Brrr…brrr…brrr…brrr…. There was no response from there, but I knew that it cannot be helped. After all, this was an unholy time of night when no reasonable conversation could be expected to take place – the night bore down heavily on the dark city here and sleep would sit on many brows everywhere. But the stakes must be addressed shouldn’t they? Yes, they must…I must tell him where the documents are no matter the time of night. If I don’t tell him, how then could I get this big fat worry off my chest – the thought that he may be thinking that I’m making off in the dead of night with his document? How do I get any piece of sleep before I reach the bursting city of Lagos?

Brrr…brrr…brrr…brrr…brrr…brrr…brrr… There still was no response. Poor man, he must be fast asleep from the hassles of the day. Perhaps a message or two about the whereabouts of the documents would suffice? Oh, yes – send text messages as responses to the two messages! Yes, that’s it. He’ll see them first thing in the morning when he wakes up!  THEY’RE ON TOP YOUR SHELF OGA SIR – THE ONE WITH THE DRINKS, and to the second message from the oga, I said: SORRY I FORGOT TO TELL YOU I CHANGED THEIR LOCATION. Now, that should do the trick shouldn’t it?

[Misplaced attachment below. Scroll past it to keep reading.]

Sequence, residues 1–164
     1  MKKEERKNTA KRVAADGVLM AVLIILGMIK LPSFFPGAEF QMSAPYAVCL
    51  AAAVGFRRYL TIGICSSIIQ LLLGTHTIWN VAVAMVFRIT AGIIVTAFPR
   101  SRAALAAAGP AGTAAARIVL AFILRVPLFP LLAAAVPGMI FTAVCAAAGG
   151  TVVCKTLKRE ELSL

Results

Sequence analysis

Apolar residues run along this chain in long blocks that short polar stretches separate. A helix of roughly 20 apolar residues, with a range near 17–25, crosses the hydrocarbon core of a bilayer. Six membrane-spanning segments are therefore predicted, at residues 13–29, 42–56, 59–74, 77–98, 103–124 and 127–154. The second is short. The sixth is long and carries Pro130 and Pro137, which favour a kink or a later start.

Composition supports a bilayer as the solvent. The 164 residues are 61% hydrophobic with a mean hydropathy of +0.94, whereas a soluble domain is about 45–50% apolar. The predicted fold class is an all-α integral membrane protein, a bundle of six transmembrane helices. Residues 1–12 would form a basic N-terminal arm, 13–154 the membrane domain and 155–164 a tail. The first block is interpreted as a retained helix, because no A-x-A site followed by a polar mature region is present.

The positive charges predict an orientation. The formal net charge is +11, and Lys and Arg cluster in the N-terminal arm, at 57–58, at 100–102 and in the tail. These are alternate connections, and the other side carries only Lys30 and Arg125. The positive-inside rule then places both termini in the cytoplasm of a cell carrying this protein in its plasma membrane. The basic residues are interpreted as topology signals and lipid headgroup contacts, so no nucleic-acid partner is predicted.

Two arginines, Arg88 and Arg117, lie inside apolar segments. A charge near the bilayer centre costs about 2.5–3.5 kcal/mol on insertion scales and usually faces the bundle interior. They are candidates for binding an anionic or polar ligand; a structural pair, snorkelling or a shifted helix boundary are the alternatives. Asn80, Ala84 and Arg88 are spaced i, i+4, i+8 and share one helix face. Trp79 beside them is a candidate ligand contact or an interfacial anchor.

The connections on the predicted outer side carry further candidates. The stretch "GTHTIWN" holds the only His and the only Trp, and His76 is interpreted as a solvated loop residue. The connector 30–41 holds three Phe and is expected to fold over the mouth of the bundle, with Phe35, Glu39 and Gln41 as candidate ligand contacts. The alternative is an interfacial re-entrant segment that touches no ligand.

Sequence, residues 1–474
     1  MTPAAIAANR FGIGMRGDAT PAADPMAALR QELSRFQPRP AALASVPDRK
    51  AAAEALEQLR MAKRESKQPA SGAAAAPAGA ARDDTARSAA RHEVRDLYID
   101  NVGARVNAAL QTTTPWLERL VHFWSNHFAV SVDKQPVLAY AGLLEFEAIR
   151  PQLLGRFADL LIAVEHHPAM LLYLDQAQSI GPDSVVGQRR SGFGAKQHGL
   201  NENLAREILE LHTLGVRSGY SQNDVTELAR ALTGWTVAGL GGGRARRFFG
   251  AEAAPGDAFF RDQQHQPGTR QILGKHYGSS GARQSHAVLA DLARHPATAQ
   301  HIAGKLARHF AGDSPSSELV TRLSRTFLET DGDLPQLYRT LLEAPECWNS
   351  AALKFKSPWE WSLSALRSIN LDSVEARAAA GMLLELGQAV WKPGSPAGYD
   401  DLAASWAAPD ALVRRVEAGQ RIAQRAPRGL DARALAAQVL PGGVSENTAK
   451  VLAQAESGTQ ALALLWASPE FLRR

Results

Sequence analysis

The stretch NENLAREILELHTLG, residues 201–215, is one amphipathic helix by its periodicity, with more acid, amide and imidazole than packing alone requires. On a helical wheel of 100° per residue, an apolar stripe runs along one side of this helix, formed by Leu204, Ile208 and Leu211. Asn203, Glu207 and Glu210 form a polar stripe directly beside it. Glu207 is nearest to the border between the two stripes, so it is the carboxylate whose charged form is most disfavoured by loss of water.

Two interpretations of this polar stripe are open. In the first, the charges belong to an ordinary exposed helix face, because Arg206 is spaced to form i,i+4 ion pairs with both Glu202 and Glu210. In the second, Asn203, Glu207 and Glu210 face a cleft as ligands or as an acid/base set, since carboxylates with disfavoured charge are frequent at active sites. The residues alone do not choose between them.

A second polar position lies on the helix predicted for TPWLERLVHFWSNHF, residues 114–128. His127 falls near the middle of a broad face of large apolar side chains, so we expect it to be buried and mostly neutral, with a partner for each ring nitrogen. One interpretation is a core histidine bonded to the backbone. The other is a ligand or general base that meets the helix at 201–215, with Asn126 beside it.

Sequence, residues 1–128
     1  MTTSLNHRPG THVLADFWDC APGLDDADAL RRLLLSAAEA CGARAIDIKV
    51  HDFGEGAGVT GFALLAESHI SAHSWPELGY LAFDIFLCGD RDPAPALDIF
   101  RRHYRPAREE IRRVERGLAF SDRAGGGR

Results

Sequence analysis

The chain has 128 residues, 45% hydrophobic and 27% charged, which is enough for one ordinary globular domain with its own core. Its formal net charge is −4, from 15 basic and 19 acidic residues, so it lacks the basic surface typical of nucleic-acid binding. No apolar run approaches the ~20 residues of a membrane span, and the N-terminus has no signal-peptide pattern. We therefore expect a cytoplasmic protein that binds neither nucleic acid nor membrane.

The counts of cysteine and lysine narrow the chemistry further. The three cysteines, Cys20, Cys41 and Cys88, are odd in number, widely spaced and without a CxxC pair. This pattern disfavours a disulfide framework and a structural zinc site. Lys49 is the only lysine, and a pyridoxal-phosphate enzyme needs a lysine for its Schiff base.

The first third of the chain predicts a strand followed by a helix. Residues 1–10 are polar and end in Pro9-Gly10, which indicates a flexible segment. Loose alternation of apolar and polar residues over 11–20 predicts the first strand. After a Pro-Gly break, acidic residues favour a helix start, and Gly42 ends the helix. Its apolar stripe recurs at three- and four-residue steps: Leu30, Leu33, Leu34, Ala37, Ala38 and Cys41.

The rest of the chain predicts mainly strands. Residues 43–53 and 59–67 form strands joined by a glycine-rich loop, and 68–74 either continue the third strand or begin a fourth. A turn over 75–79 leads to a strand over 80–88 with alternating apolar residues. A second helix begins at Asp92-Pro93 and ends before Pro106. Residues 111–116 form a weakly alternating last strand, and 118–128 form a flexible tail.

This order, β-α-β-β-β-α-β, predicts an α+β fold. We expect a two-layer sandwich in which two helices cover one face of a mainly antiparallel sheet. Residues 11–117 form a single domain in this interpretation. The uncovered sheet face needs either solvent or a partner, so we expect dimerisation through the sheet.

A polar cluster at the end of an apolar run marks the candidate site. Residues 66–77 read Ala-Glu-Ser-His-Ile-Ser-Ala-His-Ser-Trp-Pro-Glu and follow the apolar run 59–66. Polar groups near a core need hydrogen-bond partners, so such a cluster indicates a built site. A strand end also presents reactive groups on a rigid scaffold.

I turned from my phone to look outside again. My eyes hurt – was it from having little sleep or from having focused on the phone in the dark? It was still pitch-dark outside too with only a colony of ‘stars’ lounging around the semi-luminous sky. There were fewer bumps on the road now and the coach seemed to coast along on an even keel. I stared out of the window a little harder than I had done before. The warm breeze had given way to a sharp pungent stench, made more pungent by the chill that permeated the bus. And oh, there were now pockets of lights here and there and intermittently too they lit up the horizon. Hmm, the horizon – what was an arid stretch of brownness along the way had melted into the dark, and turned itself into another vast stretch of dark and thick moulds of undulating blackness. I could sense it that this was thick foliage of a mahogany rain forest but it was still semi-dark with the moon helping me to establish the outline of a city still asleep, with buildings and cars that ventured to pass the night out of doors. The moon – where did it spring from?  I had suddenly chanced upon it – a naked African boy running in the sky alongside our coach. It looked like a lonely child that had wandered all on its own throughout the night, and it seemed curious about the little millipede wandering around it. Was that a smile on its face? Can even a seemingly well-fed moon smile? Yes, indeed it was smiling and seemed to love the company of the little, white millipede trying to outrun it.  See, look at them, were they trying to outrun each other, the millipede and the moon? But oh, that’s a shame because as much as the little millipede tried to inch ahead of the  moon, the moon always managed to remain in front of the millipede, a smile of mischief on its face. The moon did it as if there was no way in hell that the millipede could ever outrun it, but it did it nicely anyway. And sometimes too the moon would sneak off briefly into the dark clouds, as if it was doing a peek-a-boo with its new, weeny lovable friend the silvery millipede – yes several times. And at those times that it sneaked off into the clouds, I would look around and see that apart from the moon, something much more consistent also followed. Unlike the moon, it was a little bit more subtle and had followed us all through the journey unseen apparently – from Abuja to Lokoja to Ijebu to Akure to Ibadan and now to the outskirts of Lagos. It was everywhere with its power to overwhelm. It put us to sleep, and laid a blanket of fear on our brows. It laid a siege on our journey and instead of worrying about the bullets and guns, I should have feared it instead. The subtle follower was there all through our lives and in our coaches, and perhaps when it was time, the eternal struggle between light and darkness ensued. Was that what was happening between the clouds and the moon even up there?